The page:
From Washington to Canberra, much of the northern hemisphere has its eyes focused on the region termed the ‘Indo-Pacific’. In London, a new presence is central to the Boris Johnson government’s new focus on a global role for the United Kingdom. I’ve discussed the changing landscape for a post-Brexit Britain in a new co-authored paper for the British Foreign Policy Group thinktank, available for free here. One of the questions that occupied us was how far the relationship between India and China might reshape the region. Put simply, China’s economic and military strength is now second only to that of the United States of America. But India has cards to play, in diplomacy, trade, and influence, if it chooses to use them.
The military aspects of India’s role in the region are the ones most frequently criticized by China. Over the past few years, there has been an increasing formalization of the Quad, the naval agreement by which India, Australia, Japan and the US come together to patrol the oceans against an opponent that remains unnamed, but most believe to be Beijing. China used to dismiss the Quad as being as insubstantial as “sea foam”, but now rails against it as a blow to (a Chinese-dominated) peace in the region. The Quad looks less isolated in the light of the new Aukus treaty announced last month which brings together the US, Australia and Britain in a regional pact. Rather than the region developing fixed, all-encompassing structures like Nato, it seems that Asian security may become more dependent on ‘mini-lateral’ agreements that bring together different actors for different purposes. What most of these groupings have in common is that they seem opposed to China, without ever stating that as their purpose. Yet the ability of countries inside and outside the region also flags up one of the great weaknesses in China’s position: it has few security partners because so few Asian actors want to see its role in the region increase. Every Asian actor wants access to the Chinese market; few want to become dependent on China for their security.
This gives India the chance to move further and faster to embed itself in the region. To do so, it could seize the opportunity to use its advantage: most of China’s trade partners do not consider India a threat in the way that they are wary of China. This would mean potentially painful change in the medium term, however. China’s large domestic market is a key target for emerging Asian economies. India’s millions are also talked about in terms of future prosperity, but in practice, market barriers and a middle class still smaller and less affluent than China’s overall mean that India is not yet a true substitute for China. Refashioning Asia’s trade ecology to give India a greater role is complex and by no means pain-free.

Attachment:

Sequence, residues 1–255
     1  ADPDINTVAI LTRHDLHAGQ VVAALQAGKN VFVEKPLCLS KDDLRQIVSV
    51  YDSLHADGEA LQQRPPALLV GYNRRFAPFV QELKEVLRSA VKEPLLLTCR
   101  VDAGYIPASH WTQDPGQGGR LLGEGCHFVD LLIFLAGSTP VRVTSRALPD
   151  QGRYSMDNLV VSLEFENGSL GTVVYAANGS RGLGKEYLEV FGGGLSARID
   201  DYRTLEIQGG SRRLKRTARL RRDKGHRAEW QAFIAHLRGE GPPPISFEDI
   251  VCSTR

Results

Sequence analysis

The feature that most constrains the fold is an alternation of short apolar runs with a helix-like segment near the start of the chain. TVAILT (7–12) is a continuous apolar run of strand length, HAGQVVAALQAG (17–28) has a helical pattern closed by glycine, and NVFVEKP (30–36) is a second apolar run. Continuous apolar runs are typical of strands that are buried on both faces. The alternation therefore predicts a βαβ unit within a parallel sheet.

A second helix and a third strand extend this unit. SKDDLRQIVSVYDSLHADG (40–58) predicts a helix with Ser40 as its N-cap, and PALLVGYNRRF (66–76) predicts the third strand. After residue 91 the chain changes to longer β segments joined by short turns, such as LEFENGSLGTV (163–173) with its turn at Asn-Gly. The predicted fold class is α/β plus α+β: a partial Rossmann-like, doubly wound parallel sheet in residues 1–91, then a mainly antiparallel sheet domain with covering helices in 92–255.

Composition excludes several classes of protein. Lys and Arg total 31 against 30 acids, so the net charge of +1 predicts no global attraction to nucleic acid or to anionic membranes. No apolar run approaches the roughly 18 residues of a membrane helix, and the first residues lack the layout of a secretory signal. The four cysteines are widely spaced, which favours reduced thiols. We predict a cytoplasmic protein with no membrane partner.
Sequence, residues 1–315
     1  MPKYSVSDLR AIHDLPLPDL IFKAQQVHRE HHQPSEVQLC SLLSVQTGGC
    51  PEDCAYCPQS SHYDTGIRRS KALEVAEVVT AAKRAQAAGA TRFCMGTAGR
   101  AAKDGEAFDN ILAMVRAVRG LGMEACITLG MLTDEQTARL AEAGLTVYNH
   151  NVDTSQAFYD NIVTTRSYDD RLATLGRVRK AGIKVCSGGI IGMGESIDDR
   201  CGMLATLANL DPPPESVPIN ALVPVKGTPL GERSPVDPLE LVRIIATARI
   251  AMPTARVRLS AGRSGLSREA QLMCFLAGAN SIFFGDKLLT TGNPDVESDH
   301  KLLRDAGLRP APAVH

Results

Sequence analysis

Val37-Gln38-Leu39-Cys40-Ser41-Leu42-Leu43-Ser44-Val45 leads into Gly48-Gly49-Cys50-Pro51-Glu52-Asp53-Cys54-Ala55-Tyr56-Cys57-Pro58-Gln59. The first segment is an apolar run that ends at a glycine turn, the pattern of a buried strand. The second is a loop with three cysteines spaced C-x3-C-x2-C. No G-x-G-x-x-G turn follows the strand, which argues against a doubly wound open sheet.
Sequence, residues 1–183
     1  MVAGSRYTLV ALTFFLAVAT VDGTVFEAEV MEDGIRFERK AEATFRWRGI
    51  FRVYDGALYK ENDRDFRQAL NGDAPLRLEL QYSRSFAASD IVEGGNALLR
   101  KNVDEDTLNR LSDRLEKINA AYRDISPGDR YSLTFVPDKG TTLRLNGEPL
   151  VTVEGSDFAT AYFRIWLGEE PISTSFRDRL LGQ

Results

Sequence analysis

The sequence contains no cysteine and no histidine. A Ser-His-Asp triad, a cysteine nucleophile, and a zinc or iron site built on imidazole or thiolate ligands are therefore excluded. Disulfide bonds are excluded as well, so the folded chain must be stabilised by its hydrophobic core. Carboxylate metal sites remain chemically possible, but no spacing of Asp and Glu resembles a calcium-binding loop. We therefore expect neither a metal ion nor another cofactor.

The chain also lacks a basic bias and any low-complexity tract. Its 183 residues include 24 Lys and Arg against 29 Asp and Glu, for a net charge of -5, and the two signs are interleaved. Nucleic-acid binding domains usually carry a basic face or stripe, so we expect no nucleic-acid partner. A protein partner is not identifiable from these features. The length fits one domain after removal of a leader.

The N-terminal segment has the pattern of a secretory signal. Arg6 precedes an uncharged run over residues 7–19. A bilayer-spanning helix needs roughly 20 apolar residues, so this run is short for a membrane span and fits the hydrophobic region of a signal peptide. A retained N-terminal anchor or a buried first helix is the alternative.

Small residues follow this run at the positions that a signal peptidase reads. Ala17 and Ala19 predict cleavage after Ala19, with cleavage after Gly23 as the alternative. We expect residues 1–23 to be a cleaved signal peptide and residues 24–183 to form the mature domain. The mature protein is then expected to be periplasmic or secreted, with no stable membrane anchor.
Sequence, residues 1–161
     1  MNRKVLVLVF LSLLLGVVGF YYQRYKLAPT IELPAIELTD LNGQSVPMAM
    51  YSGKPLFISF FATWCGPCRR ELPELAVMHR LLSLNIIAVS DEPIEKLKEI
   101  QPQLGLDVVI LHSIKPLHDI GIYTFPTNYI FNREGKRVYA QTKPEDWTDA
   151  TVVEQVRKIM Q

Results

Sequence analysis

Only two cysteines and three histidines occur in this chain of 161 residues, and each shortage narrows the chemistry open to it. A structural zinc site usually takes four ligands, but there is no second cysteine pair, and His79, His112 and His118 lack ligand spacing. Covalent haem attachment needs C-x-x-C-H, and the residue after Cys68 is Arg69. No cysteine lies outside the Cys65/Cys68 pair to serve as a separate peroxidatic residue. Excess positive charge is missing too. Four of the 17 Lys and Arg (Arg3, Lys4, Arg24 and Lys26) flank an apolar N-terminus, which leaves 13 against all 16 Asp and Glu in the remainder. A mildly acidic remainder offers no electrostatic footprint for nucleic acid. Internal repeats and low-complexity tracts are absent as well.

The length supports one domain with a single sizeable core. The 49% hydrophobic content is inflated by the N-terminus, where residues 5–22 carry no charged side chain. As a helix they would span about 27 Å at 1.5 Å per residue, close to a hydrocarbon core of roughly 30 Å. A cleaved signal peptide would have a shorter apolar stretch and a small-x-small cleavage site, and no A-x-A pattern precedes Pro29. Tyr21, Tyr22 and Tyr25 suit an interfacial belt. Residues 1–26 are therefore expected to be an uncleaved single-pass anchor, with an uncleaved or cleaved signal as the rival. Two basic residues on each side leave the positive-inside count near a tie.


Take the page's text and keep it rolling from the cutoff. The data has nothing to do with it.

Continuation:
Yet India need not simply rely on the confrontation of the Quad, or the desire to replace China as a market partner for other Asian countries. It also has the opportunity to take a cooperative diplomatic lead. Unlike the other Quad members, India has an affiliation that is not shared by Quad members: membership of the Shanghai Cooperation Organisation. The SCO is a perennial underperformer in international-organization terms, with few concrete achievements to its name. It has a disparate membership — China and Russia in the lead, but both India and Pakistan as well the central Asian countries — and a broadly defined security agenda, which provides a regional talking-shop. However, it does provide one of the few small-group entities where both India and China have equal membership. Generally, Russia and China continue to dominate the organization; however, Indian membership gives it the opportunity to make its strengths in the region known. In addition, Russia and India have a longstanding relationship dating back to the Cold War. While China’s new closeness to Russia on issues from energy to defence may have been more obvious in recent years, this does not exclude India from the chance to make use of its old friendships. The Association of Southeast Asian Nations provides an intriguing parallel. Asean has very few formal powers, nor does it demand uniform political systems (it contains both democratic and authoritarian states). Yet, over the years, this ‘talking-shop’ has actually become a powerful source of influence in the region. India may choose to leverage its SCO membership to create a cooperative, forward-looking influence that the organization simply does not have right now.